Learning In Your Sleep
Image: Your brain is so eager to learn that it does so even while you sleep, scientists recently found. Credit: National Institute of General Medical Sciences
Sleeping and learning go hand in hand, studies have shown for years. Even a brief nap can boost your memory and sharpen your thinking. But the relationship goes deeper than that. In a new study, scientists report that the brain can actually learn something new during sleep.
Scientists used to believe that a sleeping brain was taking a break. But it turns out it can be taught a thing or two, scientists reported in a scientific journal published in August.
“The brain is not passive while you sleep,” neuroscientist Anat Arzi told Science News. “It’s quite active. You can do quite a lot of things while you are asleep.” Arzi researches olfaction, or the sense of smell, at the Weizmann Institute of Science in Rehovot, Israel. She worked on the new study.
Arzi and her coworkers didn’t try to teach the sleeping volunteers any complex information, like new words or facts. (So sleeping on top of your study notes won’t boost your grades.) Instead, the scientists taught snoozing volunteers to make new connections between smells and sounds.
When we smell something nice, like a flower, we automatically take deep breaths. When we smell something bad, like the stench of a dumpster, we automatically take short breaths. These natural reactions maximize our exposure to good smells and minimize our exposure to bad ones. Arzi and her coworkers based their experiment on these reactions and the knowledge that our senses don’t turn off while we slumber.
Once the volunteers fell asleep in the lab, the scientists went to work. They gave the volunteers a whiff of something pleasant, like shampoo, and at the same time played a particular musical note. The volunteers didn’t wake up, but they did hear — and sniff deeply. Then the scientists gave the volunteers a whiff of something repulsive, like rotten fish, and played a different musical note. Again, the volunteers heard and smelled — a short snort this time — but didn’t wake up. The researchers repeated the experiment while the volunteers slept.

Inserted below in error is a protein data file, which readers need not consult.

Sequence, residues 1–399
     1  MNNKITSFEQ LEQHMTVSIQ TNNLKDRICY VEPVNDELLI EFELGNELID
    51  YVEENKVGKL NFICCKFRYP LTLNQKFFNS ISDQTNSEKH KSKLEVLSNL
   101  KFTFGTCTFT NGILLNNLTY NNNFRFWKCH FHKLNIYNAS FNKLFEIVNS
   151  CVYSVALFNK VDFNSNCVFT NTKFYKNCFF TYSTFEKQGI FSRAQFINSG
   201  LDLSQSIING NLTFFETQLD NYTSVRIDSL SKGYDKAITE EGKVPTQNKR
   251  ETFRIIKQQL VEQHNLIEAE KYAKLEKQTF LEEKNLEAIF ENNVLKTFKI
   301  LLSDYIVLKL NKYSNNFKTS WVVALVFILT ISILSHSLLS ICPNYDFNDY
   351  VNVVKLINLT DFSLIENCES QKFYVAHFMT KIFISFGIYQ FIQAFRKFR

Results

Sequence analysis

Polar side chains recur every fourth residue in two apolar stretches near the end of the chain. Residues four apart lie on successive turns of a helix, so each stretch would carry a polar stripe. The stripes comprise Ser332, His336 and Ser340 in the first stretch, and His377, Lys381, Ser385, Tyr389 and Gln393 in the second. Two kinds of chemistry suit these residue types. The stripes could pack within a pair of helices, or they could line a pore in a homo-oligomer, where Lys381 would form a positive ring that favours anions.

After just four repetitions, volunteers made a connection between the musical notes and their paired smells. When the scientists played the musical tone that went with good smells, the sleepers inhaled deeply — even though there was no good smell to sniff. And when the scientists played the musical tone that went with foul odors, the sleepers inhaled briefly — despite there being no bad smell.
“They learned what the tone signified,” Arzi concluded.
The next day, the volunteers woke up with the sound-smell connection intact. They inhaled deeply when hearing one tone and cut their breaths short when hearing the other. Which must have been odd for them: Imagine walking down the street and taking a deep breath upon hearing a particular sound!